Reorganized on 1 March 1963 to consist of the 1st Battle Group, and relieved from assignment to the 34th Infantry Division. Reorganized on 1 March 1964 to consist of the 1st and 2nd Battalions. Reorganized on 1 January 1968 to consist of the 1st Battalion, an element of the 47th Infantry Division. It was withdrawn on 1 May 1989 from the Combat Arms Regimental System and reorganized under the U.S. Army Regimental System. Reorganized 10 February 1991 to consist of the 1st Battalion, an element of the 34th Infantry Division.

Ordered into active federal service on 5 March 2004 at home stations; released from active federal service 1 September 2005 and reverted to state control.

Company D, 1st Battalion, 168 Infantry ordered into active federal service 4 June 2007 at Denison[2]

Campaign participation creditEdit

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Civil War
Philippine Insurrection
World War I

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World War II

Operation Raincoat - First Battle of Monte Cassino

War on Terrorism
  • Campaigns to be determined

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DecorationsEdit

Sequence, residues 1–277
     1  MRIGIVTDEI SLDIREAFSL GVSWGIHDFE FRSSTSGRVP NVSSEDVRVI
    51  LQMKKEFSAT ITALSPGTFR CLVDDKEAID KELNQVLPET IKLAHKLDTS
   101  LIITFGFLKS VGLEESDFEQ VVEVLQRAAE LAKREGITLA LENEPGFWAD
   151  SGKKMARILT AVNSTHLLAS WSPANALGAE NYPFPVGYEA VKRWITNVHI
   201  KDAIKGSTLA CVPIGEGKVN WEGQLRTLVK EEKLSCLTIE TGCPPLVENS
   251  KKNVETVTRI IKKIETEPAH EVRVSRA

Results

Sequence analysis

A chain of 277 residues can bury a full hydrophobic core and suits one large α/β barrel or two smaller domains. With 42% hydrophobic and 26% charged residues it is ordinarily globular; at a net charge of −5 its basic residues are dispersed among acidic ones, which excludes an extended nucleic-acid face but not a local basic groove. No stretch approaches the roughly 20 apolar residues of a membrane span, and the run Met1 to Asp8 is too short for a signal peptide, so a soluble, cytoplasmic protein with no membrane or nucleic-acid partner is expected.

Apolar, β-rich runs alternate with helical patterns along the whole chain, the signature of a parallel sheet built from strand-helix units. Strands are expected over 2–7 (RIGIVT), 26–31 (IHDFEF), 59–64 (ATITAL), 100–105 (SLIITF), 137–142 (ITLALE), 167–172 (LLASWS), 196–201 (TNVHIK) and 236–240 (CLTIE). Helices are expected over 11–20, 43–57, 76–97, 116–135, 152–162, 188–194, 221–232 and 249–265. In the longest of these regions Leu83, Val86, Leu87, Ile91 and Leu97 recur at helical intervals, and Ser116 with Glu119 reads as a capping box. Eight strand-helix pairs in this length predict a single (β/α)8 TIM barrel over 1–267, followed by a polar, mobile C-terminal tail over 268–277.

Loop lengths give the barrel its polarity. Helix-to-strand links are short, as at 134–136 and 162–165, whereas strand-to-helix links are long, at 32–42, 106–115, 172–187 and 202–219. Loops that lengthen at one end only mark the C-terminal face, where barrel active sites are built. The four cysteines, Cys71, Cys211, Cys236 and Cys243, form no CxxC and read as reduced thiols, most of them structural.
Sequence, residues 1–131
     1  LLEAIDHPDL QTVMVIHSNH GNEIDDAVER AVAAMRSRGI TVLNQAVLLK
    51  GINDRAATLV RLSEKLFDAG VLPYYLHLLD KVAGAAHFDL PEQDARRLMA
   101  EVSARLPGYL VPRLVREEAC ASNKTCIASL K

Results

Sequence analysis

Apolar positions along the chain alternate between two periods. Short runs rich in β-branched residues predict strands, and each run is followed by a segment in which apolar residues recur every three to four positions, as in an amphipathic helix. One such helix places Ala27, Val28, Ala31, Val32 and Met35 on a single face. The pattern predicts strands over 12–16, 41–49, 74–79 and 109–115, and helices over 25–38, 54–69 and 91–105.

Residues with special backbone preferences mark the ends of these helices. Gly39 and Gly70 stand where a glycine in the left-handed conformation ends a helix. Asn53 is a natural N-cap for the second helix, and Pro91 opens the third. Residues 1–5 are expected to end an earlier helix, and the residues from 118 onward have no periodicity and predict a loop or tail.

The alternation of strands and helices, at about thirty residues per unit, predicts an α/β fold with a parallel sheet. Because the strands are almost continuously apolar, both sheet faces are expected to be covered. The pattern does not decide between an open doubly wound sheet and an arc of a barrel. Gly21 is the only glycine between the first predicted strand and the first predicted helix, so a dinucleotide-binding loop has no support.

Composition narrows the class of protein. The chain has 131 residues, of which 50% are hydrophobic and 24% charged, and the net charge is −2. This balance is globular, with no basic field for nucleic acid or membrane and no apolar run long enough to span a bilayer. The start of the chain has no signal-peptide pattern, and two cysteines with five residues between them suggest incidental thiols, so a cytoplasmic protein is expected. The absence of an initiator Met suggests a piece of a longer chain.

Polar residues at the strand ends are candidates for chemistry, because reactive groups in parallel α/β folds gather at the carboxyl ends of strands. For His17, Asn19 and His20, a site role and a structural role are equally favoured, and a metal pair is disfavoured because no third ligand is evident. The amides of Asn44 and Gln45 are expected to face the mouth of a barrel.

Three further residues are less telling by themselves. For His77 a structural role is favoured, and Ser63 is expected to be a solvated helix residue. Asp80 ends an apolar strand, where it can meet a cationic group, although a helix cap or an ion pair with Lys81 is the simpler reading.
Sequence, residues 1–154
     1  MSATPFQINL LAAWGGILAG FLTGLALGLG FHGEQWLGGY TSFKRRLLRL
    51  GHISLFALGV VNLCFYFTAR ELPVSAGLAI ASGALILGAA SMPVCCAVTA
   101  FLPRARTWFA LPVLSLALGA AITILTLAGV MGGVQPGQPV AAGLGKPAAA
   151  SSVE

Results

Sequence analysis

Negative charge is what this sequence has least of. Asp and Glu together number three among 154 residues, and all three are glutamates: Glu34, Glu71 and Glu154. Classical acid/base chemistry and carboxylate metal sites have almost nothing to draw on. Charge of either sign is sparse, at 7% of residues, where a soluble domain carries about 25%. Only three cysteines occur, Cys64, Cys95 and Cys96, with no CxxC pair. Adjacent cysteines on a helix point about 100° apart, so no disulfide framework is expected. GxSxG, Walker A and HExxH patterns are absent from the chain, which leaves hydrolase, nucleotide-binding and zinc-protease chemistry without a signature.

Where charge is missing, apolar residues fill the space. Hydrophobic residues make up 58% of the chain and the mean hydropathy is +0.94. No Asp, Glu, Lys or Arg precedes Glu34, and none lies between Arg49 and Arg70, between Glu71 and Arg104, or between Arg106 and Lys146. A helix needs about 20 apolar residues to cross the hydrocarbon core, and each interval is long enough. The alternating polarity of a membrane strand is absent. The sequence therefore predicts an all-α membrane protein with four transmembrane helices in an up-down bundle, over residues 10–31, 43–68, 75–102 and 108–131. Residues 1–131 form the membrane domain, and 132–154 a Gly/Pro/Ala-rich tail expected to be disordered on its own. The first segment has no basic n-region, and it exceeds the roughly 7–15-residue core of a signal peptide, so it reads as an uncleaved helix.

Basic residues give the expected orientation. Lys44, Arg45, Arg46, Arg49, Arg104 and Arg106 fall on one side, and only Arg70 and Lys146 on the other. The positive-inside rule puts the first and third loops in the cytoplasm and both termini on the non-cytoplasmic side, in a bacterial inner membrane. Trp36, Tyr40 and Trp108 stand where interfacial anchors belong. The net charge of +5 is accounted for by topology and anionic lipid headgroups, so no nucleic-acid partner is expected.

• French Croix de Guerre with Palm, World War II, Streamer embroidered BELVEDERE

Presidential Unit Citation(Army), Streamer embroidered MT PANTANO ITALY (1st Battalion, 168th Infantry cite: WD GO 86 1944) Presidential Unit citation (Army), Streamer Embroidered CERVARO ITALY (2nd Battalion, 168th Infantry cited WD GO 6 1945) [3]

http://militarytimes.com/citations-medals-awards/recipient.php?recipientid=10855

See alsoEdit

ReferencesEdit

  1. 1.0 1.1 "Special Designation Listing". United States Army Center of Military History. 21 April 2010. Archived from the original on 9 June 2010. http://web.archive.org/web/20100609010028/http://www.history.army.mil/html/forcestruc/spdes-123-arng.html. Retrieved 14 July 2010. 
  2. U.S. Army Center of Military History 168th Infantry Lineage and Honors
  3. Infantry Regiments of the U.S. Armyy James A. Sawicki, wyvern Publications, June 1981, ISBN 0-9602404-3-8, Library of Congress Card Catalog number 80-53362

 This article incorporates  from the United States Army Center of Military History document "168th Infantry Lineage and Honors".

External linksEdit